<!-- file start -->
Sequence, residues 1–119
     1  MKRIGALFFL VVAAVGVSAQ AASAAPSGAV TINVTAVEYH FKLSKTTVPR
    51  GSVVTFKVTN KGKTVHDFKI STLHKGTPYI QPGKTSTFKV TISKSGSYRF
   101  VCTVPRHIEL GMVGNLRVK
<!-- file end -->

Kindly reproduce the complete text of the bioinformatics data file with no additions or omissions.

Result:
Sequence, residues 1–119
     1  MKRIGALFFL VVAAVGVSAQ AASAAPSGAV TINVTAVEYH FKLSKTTVPR
    51  GSVVTFKVTN KGKTVHDFKI STLHKGTPYI QPGKTSTFKV TISKSGSYRF
   101  VCTVPRHIEL GMVGNLRVK